Rajaki Ayegi Baraat (Aah 1953)- Instrumental [Band-Baaja Wedding] – Oasis Thacker

Rajaki Ayegi Baraat (Aah 1953)

Instrumental Remix

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[Band-Baaja Wedding]

Oasis Thacker


Band-Baja Weddings of India

Weddings (Ceremony) are celebrated all over the world. In the western countries, weddings are quiet. The celebration in the middle class includes gathering of few close friends and relatives. A quiet (!) ceremony in a church; in which the bride wears white (!) dress. And the whole event lasts for around one hour. Sometimes there are parties in halls (not in open) after or before the ceremony. A sit-down meal is not the main attraction (only snacks and drinks are served), the alcoholic drink is. And, before it gets too noisy, most are drunk, so they go to sleep.

But in India, it is the most popular social event. (Some say it is a cricket match. Some bridegrooms like to delay wedding ceremony for watching a big cricket match). There is one thing is common between weddings and cricket. There is often match fixing!

Indians like noise. They are not disturbed by any kind of noise. There is maximum number of religious and social holidays in India in the world. And many are associated with noise and traffic jam. Wedding ceremonies last for few days to at least one whole day in modern times. At least couple of sit-down meals is served by either bride’s father, or by both the sides to a large number of relatives and friends.

And yes, noise is a must. Both the families install loudspeakers outside their decorated front yard, and popular music play for 18 hours a day.

In old days almost all the weddings had a wedding procession, with the groom riding on a decorated horse, or in a convertible car. A crowd of 100 to 500 will pass on main roads (blocking traffic). This is acceptable in India. All processions were lead by either western style marching bands playing the tunes of popular music. Those who could not afford expensive marching bands, had a smaller version with mostly drums, or Indian drums, who played limited rhythms, but kept the excitement alive.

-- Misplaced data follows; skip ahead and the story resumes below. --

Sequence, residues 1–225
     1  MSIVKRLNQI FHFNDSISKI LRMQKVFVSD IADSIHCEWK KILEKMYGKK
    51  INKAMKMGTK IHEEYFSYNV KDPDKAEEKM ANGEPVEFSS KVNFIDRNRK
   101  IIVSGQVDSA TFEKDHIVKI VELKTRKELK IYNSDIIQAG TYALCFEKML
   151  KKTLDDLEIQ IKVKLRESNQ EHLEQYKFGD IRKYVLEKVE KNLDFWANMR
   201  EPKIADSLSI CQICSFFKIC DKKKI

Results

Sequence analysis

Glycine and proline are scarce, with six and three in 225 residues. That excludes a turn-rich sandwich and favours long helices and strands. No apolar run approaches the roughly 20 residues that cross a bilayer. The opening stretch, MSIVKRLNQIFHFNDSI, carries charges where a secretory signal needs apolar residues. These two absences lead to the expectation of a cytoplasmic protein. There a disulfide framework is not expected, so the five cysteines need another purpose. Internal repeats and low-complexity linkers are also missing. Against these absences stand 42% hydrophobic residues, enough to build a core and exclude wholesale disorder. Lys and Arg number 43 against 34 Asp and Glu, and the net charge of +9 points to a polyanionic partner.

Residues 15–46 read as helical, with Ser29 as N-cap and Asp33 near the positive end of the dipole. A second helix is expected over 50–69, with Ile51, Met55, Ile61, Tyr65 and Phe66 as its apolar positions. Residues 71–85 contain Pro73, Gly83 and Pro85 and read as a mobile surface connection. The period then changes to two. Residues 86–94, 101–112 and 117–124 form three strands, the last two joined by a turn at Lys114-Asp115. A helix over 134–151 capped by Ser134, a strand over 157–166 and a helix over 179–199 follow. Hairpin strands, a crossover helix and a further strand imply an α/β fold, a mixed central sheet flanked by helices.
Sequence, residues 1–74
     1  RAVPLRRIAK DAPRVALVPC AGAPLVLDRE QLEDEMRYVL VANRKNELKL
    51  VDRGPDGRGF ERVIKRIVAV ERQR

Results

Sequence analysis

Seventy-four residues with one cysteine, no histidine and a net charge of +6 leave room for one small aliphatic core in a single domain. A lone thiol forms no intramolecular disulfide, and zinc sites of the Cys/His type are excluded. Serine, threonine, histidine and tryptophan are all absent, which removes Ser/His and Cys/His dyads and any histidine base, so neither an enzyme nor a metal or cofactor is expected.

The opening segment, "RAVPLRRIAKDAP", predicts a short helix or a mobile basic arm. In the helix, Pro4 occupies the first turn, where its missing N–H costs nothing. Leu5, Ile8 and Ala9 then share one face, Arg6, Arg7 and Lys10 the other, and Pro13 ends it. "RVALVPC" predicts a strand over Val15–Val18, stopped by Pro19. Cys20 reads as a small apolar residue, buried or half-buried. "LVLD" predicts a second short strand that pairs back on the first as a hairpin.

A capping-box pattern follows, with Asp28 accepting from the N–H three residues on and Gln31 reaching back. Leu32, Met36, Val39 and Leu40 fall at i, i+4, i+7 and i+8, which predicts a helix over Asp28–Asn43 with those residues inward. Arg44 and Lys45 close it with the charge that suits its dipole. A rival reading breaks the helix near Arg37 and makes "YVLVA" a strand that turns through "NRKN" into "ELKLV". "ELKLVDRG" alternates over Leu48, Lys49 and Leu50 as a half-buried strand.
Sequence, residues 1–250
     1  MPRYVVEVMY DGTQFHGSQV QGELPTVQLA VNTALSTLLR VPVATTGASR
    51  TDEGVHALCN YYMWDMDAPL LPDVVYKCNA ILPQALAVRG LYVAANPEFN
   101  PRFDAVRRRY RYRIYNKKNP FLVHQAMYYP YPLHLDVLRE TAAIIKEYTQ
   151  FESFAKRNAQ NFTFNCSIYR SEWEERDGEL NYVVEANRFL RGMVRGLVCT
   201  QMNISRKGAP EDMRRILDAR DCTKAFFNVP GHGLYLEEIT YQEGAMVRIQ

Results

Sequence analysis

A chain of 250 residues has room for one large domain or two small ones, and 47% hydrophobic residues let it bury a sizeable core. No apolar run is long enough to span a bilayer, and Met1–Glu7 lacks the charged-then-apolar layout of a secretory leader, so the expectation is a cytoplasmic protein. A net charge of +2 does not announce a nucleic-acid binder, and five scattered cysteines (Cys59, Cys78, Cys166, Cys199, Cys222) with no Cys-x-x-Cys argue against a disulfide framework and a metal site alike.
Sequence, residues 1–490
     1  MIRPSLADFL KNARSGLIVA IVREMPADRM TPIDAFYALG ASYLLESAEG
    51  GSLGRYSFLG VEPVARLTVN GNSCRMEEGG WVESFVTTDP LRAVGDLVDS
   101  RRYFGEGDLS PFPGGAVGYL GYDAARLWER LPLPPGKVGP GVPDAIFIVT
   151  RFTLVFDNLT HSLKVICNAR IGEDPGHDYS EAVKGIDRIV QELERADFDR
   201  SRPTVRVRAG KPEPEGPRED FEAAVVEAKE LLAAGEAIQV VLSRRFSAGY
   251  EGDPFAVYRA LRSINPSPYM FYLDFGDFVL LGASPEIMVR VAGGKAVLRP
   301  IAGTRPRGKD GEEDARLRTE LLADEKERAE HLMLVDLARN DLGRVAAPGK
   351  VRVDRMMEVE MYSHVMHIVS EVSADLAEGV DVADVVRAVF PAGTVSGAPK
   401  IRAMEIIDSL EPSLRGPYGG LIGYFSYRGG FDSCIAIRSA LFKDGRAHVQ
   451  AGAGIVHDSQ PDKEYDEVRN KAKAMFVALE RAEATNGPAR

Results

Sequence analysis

The bands hired by well-to-do families were good. They had 20-25 pc horns and couple of clarinets, accompanied by couple of bass drums, snare drums and symbols. These were trained musicians. They read western style music notations of popular Hindi film songs.  The main clarinet player was also the bandmaster. He played the major part of main melody of the song, while the horn-orchestra supported him with the music fillers. It definitely created very festive atmosphere, providing live entertainment to not only the people associated with the wedding, but the bystanders. Somehow, the horns and band-drums were not very popular in sophisticated live music shows in halls. First, in old days, there were very few live music shows. And most shows had only 4 to 5 traditional instrument and Tablas rhythms. Harmonium (soft sounding mini organ) was the most popular instrument for singers. Then there were a Sitar, violin, flute etc.  Very few of those who did western style music would include a bongo/conga player and accordions. The only band instrument that showed up occasionally was saxophone.